Originally Posted by day_trippr
"Beer temperature" is the temperature that you intend to serve the brew. This is important because the carbonation level (ie: the "volumes of CO2") you want is dependent upon the temperature of the served brew. And that, in turn, dictates the amount of fermentables you want to add when you mix up your priming solution...
No, that's not correct! The "beer temperature" is the fermentation temperature!
Here's why- colder beer "holds" onto co2 better than warmer beer. It doesn't really matter if the fermentation temperature is 65 or 70, but it makes a huge difference if you put in, say, 40 degrees vs 70 degrees! Those priming calculators guess at the amount of co2 already in the beer, as to avoid overpriming.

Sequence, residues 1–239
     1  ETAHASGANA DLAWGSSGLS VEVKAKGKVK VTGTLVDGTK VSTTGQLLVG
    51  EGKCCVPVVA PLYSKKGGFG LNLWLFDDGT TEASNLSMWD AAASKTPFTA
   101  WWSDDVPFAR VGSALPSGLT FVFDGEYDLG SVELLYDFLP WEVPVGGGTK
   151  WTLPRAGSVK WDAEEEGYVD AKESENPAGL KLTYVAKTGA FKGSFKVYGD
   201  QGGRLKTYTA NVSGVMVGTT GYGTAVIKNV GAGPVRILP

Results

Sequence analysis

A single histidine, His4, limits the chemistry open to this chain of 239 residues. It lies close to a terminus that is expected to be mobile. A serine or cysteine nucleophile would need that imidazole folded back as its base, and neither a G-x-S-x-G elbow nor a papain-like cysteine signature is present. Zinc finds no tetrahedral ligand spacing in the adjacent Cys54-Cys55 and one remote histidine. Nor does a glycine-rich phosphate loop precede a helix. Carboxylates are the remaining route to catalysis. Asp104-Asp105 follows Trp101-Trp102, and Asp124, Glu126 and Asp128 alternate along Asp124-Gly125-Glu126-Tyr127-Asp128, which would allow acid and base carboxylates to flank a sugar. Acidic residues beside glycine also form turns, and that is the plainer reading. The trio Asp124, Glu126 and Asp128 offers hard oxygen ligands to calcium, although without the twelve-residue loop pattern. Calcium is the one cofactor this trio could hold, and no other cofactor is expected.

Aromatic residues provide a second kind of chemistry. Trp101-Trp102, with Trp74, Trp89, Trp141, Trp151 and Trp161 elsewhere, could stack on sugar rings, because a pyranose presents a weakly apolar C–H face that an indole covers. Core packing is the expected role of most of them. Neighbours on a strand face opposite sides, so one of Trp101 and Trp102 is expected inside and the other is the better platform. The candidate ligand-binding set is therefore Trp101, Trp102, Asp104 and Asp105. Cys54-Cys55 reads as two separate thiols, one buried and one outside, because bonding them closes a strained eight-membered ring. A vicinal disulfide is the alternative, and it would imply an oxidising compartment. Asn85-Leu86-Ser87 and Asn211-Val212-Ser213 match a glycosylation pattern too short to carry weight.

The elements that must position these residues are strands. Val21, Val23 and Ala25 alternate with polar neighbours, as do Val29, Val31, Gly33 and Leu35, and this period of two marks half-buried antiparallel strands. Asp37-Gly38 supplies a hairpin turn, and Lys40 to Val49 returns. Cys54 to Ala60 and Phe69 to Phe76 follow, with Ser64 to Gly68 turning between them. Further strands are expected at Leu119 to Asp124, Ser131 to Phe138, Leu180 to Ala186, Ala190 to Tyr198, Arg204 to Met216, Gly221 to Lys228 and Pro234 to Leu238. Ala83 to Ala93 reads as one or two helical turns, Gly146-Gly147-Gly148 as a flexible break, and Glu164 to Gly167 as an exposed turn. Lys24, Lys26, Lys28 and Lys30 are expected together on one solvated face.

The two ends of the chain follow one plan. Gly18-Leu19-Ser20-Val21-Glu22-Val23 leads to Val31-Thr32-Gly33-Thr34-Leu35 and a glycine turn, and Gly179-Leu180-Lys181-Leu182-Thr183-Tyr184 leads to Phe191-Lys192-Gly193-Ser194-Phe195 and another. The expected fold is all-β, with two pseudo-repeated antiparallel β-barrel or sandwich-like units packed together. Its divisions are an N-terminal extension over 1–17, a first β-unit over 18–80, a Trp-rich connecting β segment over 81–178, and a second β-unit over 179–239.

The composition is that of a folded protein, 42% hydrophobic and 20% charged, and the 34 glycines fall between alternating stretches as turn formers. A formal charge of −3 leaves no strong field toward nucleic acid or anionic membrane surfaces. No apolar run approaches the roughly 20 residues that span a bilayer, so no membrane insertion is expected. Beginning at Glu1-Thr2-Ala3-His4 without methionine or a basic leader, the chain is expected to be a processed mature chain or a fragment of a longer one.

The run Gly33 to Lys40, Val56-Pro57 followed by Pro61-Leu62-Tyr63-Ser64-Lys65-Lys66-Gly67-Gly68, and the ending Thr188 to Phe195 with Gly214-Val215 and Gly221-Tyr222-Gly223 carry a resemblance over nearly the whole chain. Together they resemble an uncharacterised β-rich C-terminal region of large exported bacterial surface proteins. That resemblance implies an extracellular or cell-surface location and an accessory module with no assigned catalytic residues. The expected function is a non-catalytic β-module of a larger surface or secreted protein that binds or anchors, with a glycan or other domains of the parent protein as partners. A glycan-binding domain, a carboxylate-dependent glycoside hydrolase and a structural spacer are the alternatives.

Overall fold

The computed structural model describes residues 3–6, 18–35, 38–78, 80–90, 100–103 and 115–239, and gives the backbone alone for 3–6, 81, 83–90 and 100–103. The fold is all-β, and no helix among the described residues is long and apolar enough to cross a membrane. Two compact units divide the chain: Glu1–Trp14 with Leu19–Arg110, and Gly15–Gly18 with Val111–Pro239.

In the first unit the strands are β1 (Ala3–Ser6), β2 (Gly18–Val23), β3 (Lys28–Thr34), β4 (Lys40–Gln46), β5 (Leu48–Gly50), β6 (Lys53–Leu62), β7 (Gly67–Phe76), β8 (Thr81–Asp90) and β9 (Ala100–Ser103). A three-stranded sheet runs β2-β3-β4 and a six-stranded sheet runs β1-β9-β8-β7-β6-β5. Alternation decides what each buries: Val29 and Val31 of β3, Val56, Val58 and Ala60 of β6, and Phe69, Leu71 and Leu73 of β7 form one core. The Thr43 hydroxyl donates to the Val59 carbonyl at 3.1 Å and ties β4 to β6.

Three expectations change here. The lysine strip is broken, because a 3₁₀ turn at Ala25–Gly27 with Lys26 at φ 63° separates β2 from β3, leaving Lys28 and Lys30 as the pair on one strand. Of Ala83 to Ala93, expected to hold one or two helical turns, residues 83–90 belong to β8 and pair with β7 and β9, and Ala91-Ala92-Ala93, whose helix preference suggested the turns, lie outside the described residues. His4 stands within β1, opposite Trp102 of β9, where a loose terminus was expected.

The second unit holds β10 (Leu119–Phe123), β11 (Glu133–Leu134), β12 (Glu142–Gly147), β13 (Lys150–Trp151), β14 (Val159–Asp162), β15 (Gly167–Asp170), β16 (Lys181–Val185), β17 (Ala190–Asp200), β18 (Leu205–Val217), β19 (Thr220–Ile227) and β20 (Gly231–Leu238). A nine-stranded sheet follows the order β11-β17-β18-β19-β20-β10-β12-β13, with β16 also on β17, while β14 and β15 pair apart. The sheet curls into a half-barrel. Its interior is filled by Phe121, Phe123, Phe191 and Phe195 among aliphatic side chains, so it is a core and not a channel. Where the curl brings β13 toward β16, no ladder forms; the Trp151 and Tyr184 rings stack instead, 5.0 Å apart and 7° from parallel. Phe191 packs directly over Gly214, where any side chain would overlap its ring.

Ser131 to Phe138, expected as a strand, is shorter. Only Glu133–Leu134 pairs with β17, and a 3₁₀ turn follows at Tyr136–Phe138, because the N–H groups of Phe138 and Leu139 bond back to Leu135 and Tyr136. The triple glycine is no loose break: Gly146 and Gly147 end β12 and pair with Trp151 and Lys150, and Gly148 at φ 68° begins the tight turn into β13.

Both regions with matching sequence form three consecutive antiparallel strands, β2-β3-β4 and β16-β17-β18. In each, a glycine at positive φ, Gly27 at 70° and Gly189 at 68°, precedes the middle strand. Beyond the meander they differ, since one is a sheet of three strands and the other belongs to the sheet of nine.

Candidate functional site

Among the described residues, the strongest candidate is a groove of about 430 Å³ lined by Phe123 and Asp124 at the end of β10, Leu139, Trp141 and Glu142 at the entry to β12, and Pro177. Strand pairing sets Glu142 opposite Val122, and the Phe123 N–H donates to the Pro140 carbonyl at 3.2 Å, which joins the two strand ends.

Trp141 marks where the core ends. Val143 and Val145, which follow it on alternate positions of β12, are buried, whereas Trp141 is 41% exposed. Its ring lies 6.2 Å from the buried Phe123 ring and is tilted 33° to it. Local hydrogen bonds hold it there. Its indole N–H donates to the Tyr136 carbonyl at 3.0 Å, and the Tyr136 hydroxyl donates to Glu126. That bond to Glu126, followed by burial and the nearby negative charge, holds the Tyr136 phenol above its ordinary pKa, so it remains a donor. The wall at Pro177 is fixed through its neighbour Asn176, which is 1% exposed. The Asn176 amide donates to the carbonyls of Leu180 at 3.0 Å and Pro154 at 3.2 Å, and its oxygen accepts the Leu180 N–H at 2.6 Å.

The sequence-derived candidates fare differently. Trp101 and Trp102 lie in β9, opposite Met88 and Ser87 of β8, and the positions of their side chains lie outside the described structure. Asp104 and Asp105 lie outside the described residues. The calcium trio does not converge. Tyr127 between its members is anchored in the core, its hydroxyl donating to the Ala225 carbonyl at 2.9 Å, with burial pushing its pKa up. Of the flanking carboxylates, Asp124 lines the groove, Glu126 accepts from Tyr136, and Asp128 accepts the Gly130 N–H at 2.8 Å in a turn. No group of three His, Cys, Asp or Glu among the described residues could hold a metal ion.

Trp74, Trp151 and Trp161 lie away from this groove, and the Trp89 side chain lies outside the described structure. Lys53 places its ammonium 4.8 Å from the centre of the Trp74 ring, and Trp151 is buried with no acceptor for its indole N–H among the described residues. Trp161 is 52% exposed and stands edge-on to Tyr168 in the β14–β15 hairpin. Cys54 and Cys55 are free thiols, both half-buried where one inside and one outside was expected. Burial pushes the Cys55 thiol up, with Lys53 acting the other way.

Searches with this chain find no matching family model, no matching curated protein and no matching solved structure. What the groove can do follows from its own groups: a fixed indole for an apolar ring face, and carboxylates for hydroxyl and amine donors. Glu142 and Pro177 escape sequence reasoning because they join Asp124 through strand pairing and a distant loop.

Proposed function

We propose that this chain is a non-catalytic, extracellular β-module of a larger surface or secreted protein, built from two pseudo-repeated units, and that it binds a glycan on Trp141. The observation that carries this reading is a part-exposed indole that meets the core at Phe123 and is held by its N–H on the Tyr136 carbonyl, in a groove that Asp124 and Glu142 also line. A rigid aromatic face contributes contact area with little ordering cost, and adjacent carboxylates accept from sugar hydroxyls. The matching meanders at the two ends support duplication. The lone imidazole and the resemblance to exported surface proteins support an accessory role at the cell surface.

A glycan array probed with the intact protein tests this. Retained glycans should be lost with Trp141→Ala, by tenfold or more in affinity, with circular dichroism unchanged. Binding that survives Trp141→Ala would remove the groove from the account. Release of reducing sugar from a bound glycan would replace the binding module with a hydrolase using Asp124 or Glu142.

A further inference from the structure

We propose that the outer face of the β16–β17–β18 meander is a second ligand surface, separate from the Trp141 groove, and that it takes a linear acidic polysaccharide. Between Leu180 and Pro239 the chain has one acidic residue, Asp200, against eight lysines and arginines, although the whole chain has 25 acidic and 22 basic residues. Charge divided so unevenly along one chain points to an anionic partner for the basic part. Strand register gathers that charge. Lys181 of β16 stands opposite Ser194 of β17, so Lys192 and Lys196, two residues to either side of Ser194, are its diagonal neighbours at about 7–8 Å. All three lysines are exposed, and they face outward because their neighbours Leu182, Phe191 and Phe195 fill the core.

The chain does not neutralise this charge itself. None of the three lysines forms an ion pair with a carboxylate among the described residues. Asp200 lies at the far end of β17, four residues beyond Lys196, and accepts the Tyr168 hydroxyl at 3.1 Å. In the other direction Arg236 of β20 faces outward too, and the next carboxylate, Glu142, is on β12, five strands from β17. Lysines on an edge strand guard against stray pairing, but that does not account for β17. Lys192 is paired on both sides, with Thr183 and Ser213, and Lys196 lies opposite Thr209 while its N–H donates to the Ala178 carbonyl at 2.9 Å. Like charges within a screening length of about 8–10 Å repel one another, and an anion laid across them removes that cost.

But usually, just ignore the temperature unless you've done a lager that never got above 50 degrees. Use a "standard" 68 degrees if you've fermented at normal ale fermentation temperatures. Otherwise, you'll be undercarbing (or overcarbing, if you go the other way and put high 70s).